Two things here that we do that might translate well here.
First: allowing a child to pick out an item is in and of itself a benefit to them. If we're at the store buying a tub of ice cream, and just one tub, if my oldest gets to decide what flavor we buy, he's happy - even though his younger sibling gets to eat some too.
A more concrete example: We fold laundry together while watching something on the television (a major reward, as they rarely watch television - laundry TV is nearly all of their TV time, ever). If one of the children sorts the laundry, that child gets to decide which show they watch; if an adult sorts the laundry, then either they rotate or we choose (if we have something we want to share with them).
Second, having a short period of timed exclusivity can work here. For example, we have three methods of obtaining items: purchasing with allowance, gaining as a reward or personal gift (think: chrismtas/birthday), and simply a purchase at our discretion. If an item is purchased with our discretion, then it's immediately a shared item: everybody can use it at any time.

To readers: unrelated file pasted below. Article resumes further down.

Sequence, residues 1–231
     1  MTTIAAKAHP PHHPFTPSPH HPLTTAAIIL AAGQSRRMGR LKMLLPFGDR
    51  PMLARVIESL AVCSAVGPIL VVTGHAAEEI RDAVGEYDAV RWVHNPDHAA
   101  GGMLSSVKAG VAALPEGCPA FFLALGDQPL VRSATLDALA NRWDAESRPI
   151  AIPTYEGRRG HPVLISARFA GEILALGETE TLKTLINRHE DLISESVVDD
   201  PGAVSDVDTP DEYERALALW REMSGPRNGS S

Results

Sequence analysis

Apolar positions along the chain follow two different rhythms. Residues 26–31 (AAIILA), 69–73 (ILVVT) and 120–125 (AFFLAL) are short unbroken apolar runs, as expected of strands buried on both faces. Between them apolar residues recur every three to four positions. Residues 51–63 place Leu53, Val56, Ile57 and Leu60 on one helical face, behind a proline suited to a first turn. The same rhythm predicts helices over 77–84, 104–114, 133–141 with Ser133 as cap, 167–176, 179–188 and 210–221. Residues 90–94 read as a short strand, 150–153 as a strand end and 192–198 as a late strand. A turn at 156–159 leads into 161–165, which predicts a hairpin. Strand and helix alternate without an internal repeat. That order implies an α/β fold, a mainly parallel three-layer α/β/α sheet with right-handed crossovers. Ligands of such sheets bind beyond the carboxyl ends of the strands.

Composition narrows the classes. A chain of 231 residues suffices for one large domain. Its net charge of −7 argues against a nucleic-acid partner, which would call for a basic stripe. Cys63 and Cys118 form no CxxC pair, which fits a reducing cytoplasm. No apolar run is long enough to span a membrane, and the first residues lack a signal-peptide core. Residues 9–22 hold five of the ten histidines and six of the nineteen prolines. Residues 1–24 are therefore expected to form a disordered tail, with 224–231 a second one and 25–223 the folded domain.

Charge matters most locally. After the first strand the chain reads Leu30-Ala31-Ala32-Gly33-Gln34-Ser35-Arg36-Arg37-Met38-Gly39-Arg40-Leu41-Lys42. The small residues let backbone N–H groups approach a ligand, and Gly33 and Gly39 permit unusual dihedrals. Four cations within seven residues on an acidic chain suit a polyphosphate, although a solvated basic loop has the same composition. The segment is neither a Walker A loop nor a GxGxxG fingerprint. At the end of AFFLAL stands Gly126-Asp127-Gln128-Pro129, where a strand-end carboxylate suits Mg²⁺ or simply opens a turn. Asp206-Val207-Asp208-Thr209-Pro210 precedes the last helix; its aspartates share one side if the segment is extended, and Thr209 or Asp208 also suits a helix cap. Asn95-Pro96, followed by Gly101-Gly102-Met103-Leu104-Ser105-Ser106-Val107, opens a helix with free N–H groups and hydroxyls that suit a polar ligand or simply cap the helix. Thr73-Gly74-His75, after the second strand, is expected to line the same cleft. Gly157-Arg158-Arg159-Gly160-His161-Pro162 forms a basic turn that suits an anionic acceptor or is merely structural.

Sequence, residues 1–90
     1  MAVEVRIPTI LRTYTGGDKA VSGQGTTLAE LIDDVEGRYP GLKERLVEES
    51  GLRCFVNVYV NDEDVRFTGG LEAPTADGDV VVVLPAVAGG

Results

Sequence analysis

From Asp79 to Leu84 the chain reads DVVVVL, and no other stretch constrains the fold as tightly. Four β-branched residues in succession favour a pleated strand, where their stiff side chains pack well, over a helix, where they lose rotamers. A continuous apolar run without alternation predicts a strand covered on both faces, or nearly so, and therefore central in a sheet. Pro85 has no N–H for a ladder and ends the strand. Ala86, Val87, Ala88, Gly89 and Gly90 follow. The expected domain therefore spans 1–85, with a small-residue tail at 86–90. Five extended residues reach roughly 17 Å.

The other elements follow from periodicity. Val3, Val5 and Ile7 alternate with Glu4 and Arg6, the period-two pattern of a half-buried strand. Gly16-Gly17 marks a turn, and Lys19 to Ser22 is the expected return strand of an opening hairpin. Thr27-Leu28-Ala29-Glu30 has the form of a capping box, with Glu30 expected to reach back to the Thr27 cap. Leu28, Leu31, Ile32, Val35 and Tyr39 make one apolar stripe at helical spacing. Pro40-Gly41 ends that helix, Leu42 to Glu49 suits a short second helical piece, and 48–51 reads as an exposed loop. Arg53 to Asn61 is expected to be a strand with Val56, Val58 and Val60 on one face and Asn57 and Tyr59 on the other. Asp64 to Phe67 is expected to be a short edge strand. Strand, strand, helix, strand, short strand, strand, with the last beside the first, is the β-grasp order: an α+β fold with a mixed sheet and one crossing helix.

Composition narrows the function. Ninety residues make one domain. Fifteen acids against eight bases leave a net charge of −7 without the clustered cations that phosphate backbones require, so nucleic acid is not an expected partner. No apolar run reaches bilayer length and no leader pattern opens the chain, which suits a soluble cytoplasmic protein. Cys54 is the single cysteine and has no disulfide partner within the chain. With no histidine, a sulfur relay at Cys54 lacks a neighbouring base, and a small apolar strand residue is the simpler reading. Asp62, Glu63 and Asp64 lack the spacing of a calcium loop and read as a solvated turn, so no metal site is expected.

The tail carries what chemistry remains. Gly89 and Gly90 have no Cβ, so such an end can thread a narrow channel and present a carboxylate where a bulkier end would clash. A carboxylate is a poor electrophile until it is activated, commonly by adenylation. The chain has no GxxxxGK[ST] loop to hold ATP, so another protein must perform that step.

If an item is given as a reward or gift, it has a limited period of exclusivity: if I buy a car and give it to my younger son, he can play with it himself for a week. After that week, it's in the shared toy bin - or if it's ever found on the ground in the common area, not put away properly in his drawers.
If an item is purchased with allowance, then they "own" it - with the same caveat that if it's left in the common area, we assume they have relinquished control over it. An incentive to be neat alongside basically any item becoming shared eventually. (In the rare case where they leave it accidentally and have strong feelings about the item, we do of course relent, but only in extreme cases.)